Can Community-Based Initiatives Address the Conundrum of Improving Household Food Access While Supporting Local Smallholder Farmer Livelihoods?

  • Peter AndréeEmail author
  • Patricia Ballamingie
  • Stephen Piazza
  • Scott Jarosiewicz


Community food security (CFS) is widely defined as “a situation in which all community residents obtain a safe, culturally acceptable, nutritionally adequate diet through a sustainable food system that maximizes community self-reliance and social justice ” (Hamm and Bellows 2003, 37). The CFS concept has also been widely adopted in Canada by community-based organizations, including public health units across Ontario, in their efforts to tackle household-level food insecurity while also supporting local efforts to (re)build sustainable agriculture. This chapter explores this conundrum at the heart of CFS: Can community-based initiatives help address household food insecurity and support fair livelihoods for local smallholder farmers? Our research shows that responding to both sets of needs through community-based initiatives is possible, and could be seen as an important step towards broader food system transformation based on a more cooperative approach to economic relations. However, the evidence also shows that these initiatives can prove challenging to organize and administer, and should not be seen as a substitute for income support provided by the state to the food insecure.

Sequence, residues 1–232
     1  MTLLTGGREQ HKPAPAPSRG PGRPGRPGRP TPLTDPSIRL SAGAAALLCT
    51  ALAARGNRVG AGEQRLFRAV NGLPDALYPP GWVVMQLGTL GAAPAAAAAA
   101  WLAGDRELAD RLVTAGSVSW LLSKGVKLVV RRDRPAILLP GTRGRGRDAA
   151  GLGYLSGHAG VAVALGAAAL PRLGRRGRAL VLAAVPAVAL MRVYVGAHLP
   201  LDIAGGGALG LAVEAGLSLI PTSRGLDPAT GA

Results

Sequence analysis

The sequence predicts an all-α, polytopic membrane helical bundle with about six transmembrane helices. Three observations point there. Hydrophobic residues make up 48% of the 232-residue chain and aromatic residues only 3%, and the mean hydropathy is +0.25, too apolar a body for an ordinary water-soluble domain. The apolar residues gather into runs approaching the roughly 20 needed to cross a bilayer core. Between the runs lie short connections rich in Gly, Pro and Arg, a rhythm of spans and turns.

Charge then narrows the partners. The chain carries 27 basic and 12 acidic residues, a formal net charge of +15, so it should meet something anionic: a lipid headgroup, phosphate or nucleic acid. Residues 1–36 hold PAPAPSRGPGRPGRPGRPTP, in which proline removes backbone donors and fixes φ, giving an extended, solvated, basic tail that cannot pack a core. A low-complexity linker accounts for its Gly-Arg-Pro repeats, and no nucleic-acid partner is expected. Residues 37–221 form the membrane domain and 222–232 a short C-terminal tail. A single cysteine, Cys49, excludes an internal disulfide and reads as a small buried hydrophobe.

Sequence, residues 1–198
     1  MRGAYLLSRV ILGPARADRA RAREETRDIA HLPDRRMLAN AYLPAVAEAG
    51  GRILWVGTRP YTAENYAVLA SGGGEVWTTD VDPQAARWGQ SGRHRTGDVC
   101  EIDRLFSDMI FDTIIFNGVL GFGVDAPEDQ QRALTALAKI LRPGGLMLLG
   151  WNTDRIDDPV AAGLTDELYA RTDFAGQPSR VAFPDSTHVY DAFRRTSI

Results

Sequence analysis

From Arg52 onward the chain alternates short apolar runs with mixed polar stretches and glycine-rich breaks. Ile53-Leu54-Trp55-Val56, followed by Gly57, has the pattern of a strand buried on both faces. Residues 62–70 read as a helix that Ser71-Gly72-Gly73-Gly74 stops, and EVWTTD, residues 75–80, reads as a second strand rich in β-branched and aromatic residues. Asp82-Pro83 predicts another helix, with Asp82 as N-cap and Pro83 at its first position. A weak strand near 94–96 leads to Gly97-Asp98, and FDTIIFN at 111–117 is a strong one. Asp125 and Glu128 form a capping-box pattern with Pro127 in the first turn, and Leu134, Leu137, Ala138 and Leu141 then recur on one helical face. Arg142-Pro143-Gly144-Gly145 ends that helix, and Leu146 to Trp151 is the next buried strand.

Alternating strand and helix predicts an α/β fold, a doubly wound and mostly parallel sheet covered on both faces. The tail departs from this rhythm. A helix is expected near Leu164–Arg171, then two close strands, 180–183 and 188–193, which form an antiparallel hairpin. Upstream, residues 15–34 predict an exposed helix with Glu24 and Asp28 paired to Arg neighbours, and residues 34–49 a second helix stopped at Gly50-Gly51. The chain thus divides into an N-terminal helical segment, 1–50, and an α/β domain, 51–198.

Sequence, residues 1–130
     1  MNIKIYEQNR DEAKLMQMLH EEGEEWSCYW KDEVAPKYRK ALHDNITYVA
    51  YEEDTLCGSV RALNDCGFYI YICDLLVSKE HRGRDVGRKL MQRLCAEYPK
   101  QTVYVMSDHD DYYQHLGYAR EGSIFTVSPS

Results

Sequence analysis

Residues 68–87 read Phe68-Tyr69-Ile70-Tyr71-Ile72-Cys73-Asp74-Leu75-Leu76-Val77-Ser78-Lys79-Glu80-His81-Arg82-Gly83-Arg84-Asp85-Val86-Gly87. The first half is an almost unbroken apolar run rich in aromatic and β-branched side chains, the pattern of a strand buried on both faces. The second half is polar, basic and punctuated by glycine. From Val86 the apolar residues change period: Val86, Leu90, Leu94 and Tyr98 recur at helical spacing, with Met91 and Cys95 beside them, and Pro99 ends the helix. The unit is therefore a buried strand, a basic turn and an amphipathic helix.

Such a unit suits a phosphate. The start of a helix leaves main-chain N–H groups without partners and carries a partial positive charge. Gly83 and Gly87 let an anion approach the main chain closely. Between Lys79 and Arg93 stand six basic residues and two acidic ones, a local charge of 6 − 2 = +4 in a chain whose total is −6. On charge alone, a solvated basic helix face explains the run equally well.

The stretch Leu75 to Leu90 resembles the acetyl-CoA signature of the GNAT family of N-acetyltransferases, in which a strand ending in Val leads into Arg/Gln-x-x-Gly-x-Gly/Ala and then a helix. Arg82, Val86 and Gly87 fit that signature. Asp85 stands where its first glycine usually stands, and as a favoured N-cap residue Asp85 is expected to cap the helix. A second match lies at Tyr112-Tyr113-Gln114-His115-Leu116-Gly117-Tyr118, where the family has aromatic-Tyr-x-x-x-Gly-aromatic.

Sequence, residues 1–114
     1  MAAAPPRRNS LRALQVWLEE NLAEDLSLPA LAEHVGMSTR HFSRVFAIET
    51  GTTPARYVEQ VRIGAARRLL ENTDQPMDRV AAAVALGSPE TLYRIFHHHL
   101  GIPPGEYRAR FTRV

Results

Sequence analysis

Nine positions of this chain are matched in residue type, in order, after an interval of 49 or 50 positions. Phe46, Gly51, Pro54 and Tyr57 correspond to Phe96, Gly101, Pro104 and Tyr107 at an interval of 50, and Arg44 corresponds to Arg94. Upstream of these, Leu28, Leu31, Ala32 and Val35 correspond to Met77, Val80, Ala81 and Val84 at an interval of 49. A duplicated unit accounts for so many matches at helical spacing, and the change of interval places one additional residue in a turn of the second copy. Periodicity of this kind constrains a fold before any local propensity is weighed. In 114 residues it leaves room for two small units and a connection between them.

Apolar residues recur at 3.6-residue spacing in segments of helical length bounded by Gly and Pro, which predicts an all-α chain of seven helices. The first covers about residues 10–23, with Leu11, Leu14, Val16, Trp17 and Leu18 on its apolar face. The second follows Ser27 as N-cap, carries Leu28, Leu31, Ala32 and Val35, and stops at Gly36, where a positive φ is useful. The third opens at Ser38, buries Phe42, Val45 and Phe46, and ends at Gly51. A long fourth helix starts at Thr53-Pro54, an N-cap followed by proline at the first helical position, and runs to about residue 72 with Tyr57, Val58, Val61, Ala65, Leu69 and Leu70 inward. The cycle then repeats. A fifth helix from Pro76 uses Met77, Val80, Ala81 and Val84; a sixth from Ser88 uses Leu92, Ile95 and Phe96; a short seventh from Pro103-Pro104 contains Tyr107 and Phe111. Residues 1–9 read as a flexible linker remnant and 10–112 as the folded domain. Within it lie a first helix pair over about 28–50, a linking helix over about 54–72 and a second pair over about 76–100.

Community food security Farmer livelihoods Household food access Eastern Ontario 


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Copyright information

© Springer International Publishing AG 2017

Authors and Affiliations

  • Peter Andrée
    • 1
    Email author
  • Patricia Ballamingie
    • 3
  • Stephen Piazza
    • 2
  • Scott Jarosiewicz
    • 2
  1. 1.Department of Political ScienceInstitute of Political Economy, Carleton UniversityOttawaCanada
  2. 2.Institute of Political EconomyCarleton UniversityOttawaCanada
  3. 3.Department of Geography & Environmental StudiesInstitute of Political Economy, Carleton UniversityOttawaCanada

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